Confessions of a Scary Mommy
It seems like these days so many stay-at-home moms have nothing better to do with their time than chronicle their parenting sagas online, but “Scary Mommy” blogger Jill Smokler took her ramblings one giant leap further. She published her first compilation of hysterical child-rearing moments in Confessions of A Scary Mommy, which hit the The New York Times bestseller’s list its first week out. She also manages an award-winning website that averages more than two million page views a month and features The Scary Mommy Confessional , which offers a private and totally anonymous forum for moms and dads to spill their juicy secrets, their fears, their triumphs. It’s like therapy, only free.
Her website also offers plenty of Scary Mommy merchandise, including everything from coffee mugs and key chains to iphone cases and bumper stickers. Talk about branding. This nice Jewish girl even sells Christmas tree ornaments.
So what if this Baltimore mom is no balaboosta (a Yiddish term that means the perfect housewife, homemaker, wonderful mother, cook, and gracious hostess, etc). That’s exactly what makes Smokler so successful and her book a must read, even if she uses the F-bomb way too often.
Plus, in her spare time, this curly haired entrepreneur started Scary Mommy Nation, a non-profit entity that helps members of the Scary Mommy Community who are financially struggling, whether its kicking in money for a Thanksgiving feast, birthday presents for their kids, or summer camp.
Who has time to make a homemade meal every night when she’s too busy working on her next project, The Scary Mommy Handbook, which is due out in April 2013.
Besides, I doubt if her kids mind eating pizza for dinner.
Rebel Without A Minivan
Since when does a dog eating garbage out of the trash can and throwing up on the rug inspire the creative process? Since clever wit Tracy Beckerman wrote Rebel Without a Minivan, a collection of musings from a New York City girl who trades her subway pass for a more practical vehicle and everything else that goes along with a crazy normal life in the woodchuck-infested yards of suburban New Jersey. A former successful TV producer and stand-up comic, Beckerman shares the best of her nationally syndicated humor column, LOST IN SUBURBIA®, which includes funny observations about marriage, motherhood, the mall, McDonalds French fries, mildew, and, of course, a mutt named Riley.
The chapters are short and spikey, just like Beckerman’s signature hairdo (she’s a rebel alright), and in “Who Are These Children, and Why Are They Calling Me Mommy?” she writes about topics that all moms can relate to, including sleep deprivation, bad attitudes, her daughter’s favorite “blankie,” the S-E-X talk, geometry homework, and reality shows.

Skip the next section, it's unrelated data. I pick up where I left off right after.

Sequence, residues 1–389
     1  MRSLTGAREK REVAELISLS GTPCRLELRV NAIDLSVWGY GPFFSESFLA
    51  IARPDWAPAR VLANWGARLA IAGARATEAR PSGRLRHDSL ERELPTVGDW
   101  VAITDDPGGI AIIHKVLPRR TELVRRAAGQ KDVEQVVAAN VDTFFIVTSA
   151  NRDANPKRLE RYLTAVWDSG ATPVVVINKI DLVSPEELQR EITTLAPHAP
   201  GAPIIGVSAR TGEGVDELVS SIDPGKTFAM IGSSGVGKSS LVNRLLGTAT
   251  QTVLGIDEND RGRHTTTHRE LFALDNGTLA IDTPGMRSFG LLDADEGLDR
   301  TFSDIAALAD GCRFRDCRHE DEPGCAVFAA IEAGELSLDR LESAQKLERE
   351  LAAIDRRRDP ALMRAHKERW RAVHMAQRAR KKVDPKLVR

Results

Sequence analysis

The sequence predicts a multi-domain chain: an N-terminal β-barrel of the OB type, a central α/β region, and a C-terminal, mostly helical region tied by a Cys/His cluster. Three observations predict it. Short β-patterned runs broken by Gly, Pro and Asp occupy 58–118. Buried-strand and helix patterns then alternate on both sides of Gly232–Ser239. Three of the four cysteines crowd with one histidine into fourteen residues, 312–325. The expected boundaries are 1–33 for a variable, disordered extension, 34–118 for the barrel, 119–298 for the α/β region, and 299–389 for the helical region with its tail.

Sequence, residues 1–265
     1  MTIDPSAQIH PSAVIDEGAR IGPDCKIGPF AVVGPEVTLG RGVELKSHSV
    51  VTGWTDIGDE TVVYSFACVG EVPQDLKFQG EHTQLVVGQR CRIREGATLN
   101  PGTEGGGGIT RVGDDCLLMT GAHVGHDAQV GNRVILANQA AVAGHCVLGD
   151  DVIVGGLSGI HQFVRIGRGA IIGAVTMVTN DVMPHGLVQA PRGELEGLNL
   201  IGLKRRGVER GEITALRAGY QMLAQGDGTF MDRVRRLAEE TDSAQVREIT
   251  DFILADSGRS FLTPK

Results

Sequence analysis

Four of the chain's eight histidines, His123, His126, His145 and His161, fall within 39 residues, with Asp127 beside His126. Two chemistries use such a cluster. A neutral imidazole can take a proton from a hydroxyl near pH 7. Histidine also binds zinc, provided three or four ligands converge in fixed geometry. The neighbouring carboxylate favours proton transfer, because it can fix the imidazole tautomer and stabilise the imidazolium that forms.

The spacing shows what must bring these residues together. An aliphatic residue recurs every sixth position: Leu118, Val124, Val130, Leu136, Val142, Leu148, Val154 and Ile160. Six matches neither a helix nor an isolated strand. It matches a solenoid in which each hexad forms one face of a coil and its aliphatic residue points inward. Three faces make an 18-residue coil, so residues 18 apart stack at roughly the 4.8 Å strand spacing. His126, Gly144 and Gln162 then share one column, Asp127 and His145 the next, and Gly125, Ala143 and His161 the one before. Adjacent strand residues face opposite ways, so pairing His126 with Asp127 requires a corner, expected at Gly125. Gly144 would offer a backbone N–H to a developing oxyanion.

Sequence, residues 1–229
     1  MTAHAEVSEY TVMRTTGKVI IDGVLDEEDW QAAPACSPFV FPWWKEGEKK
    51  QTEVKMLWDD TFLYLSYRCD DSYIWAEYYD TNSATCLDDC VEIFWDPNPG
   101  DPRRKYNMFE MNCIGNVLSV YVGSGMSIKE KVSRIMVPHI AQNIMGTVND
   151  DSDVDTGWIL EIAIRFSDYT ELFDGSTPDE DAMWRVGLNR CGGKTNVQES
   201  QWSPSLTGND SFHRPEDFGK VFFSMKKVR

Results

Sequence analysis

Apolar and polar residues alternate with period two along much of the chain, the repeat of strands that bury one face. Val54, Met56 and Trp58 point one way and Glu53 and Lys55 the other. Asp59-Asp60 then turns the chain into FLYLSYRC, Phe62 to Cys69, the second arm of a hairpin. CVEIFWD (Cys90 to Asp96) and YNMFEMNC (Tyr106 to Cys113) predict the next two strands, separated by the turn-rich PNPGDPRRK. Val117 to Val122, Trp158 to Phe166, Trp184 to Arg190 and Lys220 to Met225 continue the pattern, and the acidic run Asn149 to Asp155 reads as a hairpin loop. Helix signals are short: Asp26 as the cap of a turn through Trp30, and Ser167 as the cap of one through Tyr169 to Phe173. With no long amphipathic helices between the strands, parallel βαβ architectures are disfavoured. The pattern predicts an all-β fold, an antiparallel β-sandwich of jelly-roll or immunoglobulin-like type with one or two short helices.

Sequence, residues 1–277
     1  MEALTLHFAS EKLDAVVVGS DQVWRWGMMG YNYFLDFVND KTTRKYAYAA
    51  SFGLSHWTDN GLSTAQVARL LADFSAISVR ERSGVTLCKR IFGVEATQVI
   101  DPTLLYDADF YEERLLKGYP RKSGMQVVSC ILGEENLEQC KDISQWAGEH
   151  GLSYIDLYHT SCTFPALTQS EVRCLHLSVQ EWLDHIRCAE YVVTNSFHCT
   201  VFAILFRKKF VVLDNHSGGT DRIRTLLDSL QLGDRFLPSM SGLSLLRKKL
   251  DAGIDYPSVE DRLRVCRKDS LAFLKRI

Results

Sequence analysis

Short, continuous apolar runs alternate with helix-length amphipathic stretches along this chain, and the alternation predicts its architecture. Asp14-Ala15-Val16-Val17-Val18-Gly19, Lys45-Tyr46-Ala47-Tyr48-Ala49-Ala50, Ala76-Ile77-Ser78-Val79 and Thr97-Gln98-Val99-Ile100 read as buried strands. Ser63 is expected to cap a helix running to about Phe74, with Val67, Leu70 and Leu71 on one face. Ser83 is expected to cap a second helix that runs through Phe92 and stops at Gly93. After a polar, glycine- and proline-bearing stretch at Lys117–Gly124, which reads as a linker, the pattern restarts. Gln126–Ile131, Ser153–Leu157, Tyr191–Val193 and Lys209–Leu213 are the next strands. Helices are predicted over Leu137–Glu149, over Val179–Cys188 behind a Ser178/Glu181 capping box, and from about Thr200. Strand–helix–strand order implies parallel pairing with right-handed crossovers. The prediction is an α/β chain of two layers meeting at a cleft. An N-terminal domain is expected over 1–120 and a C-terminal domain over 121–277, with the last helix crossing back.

Her next book is due out Spring 2013. Can’t wait!
Lisa Alcalay Klug
Let me start by saying that Lisa Alcalay Klug is not a mom, but this author combines funny and Jewish better than any woman in the tribe, so I included her in my list. Besides, her book is called Hot Mamalah, which is a Yiddish word of endearment for all Jewish women, and God only knows us moms can use a little spice in our love lives. This book celebrates our strengths, challenges, and triumphs, from PMS to menopausal.
In her “ABC’s of She,” she dishes up a delicious smorgasbord of everything whole-y and holy feminine for having fun and having chutzpah, with humor essays, adorable illustrations, how-to’s, and more. From cocktails to cupcakes, Purim costumes to bar aliases, Hot Mamalah whets an appetite for getting the most out of life, love, and your closet.
As the follow up to her first pop culture phenomenon Cool Jew, which was a number one Amazon bestseller and National Jewish Book Award finalist, Hot Mamalah gives fans what they’ve come to expect from this award-winning journalist, popular public speaker, and daughter of an Ashkenazi Holocaust survivor.
It’s hard to resist this latest mensch of a book with a cover that states, “You don’t have to be Jewish! But it wouldn’t hurt.”
My favorite quote about the Jewish mother: As long as you keep laughing, you wont get an ulcer. Just a hernia.
Enter the Hot Mamalog giveaway, featuring jewelry, CD, cookware, and a gift certificate.
Best Friends, Occasional Enemies
Lisa Scottoline and Francesca Serritella
So here’s another read that doesn’t exactly fit into my Jewish mom book category, but New York Times bestselling author Lisa Scottoline (pronounced Scot-oh-lee-nee) is one of my favorite writers and she grew up in a Jewish neighborhood. And she has dogs. That should count for something. Growing up, she says her friends would get Hanukkah “gelt”, and she thought it was Hanukkah “guilt”, so I liked her already. Not only that, she and her only daughter Francesca Serritella collaborated on a fabulously funny and heartwarming book, Best Friends, Occasional Enemies, which is a must-read for every mother and daughter.
Joined at the hip, the twosome share genes and jeans, if you know what I mean. They’re number one on each other’s speed dial and they tell each other everything—well, almost everything. They share shoes and clothes—except one very special green jacket, which almost caused a cat fight. Inspired by their weekly column, “Chick Wit” for The Philadelphia Inquirer, this book is one you’ll have to put down—just to stop laughing.